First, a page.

Grandmama was finagling her long, salt-and-pepper hair into its familiar bun. She held the hairpins between her lips and talked around them, glancing at me in the mirror as she used both hands to gather her hair and twist it into shape. Her movements were automatic.Grandmama had what were called finger waves going back from her face. She would sleep in a hairnet to preserve the style and then use a smaller net during the day to hold her bun in place.
Having me watch her that morning didn’t seem to be a distraction. When she’d pinned the last pin, she picked her hairnet up off the vanity without looking, spread it with her fingers, and popped it into place. Then Grandmama looked down at the sink, completely puzzled. She looked at herself in the mirror and then cast her eyes over the sink and vanity. “Where did I put my teeth?” It wasn’t a full set of uppers and lowers she’d lost; more like a section.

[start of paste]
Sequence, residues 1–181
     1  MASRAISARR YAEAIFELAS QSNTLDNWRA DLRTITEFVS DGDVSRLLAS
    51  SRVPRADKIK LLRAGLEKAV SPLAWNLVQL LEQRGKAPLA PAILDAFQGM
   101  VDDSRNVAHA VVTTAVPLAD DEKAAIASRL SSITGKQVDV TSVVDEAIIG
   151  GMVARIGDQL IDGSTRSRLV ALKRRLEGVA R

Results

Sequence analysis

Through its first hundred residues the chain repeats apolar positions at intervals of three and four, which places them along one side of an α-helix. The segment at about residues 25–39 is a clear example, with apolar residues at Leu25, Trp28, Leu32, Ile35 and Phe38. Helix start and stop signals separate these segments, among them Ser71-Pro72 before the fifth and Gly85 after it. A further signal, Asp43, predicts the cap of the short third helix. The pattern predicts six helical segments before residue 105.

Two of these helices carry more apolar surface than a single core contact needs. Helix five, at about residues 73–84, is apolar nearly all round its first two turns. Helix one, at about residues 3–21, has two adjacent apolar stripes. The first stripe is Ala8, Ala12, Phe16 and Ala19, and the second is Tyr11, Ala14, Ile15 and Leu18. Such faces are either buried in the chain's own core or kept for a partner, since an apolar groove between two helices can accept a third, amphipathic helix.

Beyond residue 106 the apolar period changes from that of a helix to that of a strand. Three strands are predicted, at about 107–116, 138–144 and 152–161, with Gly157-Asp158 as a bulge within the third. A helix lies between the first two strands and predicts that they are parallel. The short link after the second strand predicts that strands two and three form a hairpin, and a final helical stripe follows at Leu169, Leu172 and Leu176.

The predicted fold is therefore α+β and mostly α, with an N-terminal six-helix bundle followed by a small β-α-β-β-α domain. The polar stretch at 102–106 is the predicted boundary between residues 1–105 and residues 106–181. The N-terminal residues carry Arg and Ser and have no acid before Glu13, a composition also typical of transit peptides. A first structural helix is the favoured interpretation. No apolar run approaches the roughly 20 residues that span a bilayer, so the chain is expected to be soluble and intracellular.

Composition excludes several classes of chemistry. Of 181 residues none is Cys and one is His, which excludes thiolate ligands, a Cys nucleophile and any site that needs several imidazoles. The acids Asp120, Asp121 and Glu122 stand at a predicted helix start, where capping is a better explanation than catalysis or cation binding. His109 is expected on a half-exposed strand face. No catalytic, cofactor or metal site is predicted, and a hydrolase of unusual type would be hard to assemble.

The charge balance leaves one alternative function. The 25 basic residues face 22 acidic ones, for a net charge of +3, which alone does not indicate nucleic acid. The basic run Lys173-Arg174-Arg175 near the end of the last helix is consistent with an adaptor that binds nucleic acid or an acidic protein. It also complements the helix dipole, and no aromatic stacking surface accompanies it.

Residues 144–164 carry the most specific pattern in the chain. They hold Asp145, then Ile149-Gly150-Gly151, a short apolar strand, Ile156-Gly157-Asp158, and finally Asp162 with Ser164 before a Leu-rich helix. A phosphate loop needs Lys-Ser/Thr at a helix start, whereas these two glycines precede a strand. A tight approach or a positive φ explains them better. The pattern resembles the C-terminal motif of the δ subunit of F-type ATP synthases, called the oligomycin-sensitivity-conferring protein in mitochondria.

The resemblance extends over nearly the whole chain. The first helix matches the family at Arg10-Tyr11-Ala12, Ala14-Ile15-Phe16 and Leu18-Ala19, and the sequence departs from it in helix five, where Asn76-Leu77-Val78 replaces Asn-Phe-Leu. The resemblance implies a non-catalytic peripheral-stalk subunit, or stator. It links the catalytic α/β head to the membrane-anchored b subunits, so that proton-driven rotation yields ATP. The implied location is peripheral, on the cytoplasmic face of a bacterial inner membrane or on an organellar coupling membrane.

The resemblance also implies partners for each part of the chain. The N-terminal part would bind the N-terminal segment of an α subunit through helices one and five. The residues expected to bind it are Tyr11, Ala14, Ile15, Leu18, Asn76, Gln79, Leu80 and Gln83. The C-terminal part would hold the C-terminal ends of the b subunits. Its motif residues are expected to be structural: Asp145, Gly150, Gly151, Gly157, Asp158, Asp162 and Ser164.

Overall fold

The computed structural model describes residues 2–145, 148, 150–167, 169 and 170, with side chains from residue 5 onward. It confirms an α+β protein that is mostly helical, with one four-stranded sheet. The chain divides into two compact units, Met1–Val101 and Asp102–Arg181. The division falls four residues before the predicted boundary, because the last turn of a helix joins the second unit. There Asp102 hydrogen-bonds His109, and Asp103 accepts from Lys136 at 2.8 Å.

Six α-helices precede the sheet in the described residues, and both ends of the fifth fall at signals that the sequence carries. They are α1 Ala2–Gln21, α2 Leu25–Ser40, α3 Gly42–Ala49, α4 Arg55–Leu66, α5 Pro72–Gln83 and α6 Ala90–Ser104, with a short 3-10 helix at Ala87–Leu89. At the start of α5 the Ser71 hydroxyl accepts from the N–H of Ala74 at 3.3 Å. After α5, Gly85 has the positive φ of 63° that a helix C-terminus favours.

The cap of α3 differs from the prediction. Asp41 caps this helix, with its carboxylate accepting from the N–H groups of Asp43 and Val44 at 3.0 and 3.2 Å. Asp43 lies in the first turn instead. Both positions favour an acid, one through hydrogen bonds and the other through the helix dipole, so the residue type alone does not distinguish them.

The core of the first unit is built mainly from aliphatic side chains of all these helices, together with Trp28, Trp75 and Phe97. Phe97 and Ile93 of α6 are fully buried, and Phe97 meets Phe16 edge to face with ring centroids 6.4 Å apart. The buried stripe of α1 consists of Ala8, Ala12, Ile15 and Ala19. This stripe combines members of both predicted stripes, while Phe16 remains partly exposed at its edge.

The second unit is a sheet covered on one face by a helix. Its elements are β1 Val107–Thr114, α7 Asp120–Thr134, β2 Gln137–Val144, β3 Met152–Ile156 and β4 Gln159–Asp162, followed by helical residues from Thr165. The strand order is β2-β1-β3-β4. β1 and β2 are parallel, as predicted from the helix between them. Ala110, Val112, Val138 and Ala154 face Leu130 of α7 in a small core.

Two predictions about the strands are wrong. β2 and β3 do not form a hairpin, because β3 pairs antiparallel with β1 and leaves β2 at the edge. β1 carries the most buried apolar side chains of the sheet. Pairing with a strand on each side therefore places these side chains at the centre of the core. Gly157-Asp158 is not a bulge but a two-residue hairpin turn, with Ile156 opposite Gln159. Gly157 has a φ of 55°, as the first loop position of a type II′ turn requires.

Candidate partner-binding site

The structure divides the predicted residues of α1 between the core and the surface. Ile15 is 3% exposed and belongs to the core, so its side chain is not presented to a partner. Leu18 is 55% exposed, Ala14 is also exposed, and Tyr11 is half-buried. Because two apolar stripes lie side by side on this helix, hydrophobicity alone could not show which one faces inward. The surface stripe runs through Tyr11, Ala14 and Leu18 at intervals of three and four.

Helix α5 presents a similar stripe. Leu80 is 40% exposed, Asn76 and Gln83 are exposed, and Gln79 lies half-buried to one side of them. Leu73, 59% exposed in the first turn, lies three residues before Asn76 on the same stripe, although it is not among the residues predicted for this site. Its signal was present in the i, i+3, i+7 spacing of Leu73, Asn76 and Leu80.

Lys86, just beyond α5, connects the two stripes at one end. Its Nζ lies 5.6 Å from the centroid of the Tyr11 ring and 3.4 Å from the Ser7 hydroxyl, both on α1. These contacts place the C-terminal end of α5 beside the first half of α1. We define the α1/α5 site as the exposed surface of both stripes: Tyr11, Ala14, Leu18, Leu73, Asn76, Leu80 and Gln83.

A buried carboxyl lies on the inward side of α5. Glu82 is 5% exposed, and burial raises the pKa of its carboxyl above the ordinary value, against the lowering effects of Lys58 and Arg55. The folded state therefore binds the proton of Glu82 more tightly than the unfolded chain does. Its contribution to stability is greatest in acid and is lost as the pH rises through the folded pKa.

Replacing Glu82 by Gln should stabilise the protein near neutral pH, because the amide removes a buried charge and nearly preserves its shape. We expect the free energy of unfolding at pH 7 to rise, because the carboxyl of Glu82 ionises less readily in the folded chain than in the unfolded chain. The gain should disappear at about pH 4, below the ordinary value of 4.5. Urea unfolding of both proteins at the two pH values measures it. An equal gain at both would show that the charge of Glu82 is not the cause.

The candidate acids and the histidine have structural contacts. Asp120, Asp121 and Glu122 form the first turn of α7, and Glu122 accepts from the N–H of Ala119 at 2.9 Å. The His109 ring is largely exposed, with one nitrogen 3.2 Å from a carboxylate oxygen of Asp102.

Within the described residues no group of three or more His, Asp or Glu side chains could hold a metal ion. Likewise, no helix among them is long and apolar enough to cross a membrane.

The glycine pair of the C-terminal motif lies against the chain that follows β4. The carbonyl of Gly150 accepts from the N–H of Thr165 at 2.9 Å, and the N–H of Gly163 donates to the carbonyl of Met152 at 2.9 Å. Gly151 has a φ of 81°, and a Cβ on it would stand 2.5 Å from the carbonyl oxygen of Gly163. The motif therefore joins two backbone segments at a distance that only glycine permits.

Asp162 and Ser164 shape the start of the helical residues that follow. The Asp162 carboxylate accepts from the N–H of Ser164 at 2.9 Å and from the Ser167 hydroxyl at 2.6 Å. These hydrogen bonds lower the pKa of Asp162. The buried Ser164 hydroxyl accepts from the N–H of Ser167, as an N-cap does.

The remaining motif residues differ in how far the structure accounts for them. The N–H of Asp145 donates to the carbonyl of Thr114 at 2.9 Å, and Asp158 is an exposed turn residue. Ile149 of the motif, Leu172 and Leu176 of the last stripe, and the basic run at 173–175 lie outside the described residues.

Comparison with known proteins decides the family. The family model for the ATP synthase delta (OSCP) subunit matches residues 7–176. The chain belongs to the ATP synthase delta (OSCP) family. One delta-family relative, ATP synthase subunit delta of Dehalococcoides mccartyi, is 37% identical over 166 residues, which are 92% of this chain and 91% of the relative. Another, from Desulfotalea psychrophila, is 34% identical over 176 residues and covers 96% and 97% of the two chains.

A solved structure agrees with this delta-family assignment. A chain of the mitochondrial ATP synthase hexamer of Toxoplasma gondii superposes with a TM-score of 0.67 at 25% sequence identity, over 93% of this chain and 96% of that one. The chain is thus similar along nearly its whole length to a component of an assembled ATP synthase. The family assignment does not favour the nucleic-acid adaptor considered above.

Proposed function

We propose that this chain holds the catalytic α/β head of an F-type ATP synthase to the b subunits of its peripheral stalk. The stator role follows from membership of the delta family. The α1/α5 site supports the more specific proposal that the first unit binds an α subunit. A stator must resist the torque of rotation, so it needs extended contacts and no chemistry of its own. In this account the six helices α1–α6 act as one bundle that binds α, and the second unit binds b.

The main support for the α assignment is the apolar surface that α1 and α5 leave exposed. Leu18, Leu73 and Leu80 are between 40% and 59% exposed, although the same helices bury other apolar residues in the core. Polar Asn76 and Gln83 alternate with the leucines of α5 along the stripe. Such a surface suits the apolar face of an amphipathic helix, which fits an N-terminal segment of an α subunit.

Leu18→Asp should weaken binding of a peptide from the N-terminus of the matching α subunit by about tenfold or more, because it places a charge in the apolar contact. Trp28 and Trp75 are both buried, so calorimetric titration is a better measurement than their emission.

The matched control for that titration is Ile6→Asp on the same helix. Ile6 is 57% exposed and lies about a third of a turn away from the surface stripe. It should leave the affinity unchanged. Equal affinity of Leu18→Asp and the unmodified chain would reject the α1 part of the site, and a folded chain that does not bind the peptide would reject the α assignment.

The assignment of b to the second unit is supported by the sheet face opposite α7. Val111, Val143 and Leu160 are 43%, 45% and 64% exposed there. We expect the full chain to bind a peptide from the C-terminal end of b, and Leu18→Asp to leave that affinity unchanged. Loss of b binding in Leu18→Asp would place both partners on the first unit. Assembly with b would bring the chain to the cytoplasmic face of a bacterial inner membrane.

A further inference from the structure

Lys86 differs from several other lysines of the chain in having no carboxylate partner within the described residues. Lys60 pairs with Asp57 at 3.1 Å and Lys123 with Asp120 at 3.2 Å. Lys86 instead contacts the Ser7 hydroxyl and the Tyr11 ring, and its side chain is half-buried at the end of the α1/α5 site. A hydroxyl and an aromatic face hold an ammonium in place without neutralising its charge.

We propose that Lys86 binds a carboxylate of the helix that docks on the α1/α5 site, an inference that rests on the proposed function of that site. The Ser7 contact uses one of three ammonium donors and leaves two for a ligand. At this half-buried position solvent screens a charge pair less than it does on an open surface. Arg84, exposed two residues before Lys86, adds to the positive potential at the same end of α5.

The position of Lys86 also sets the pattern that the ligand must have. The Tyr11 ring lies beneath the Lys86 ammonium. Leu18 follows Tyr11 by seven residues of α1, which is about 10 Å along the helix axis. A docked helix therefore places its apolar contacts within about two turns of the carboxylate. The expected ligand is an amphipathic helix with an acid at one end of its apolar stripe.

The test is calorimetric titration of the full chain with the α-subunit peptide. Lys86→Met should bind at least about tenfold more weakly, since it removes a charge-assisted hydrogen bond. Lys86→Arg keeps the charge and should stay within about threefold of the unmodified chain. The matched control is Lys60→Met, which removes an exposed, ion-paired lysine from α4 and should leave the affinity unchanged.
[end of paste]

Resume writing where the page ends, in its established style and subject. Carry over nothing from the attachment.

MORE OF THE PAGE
Bewildered, she swung her head left and right to look around the bathroom, and then I saw what she couldn’t: Grandmama’s false teeth were caught in the threads of her hairnet. Her movements made them twist and bounce and finally whip outward in an arc behind her head. Anchored by nylon, they sailed past me, grinning at our little secret, and I grinned back.“Where in the world…?”
“Hold still,” I said, hating to end it. “I know where they are.”
This experience actually happened to my brother. I wrote the piece to see if I could adequately capture the humor in someone else's story. This piece was the First Place winner in the Writer's Wall contest for prose held by West Virginia Writers during the organization's annual conference June 10-12, 2011.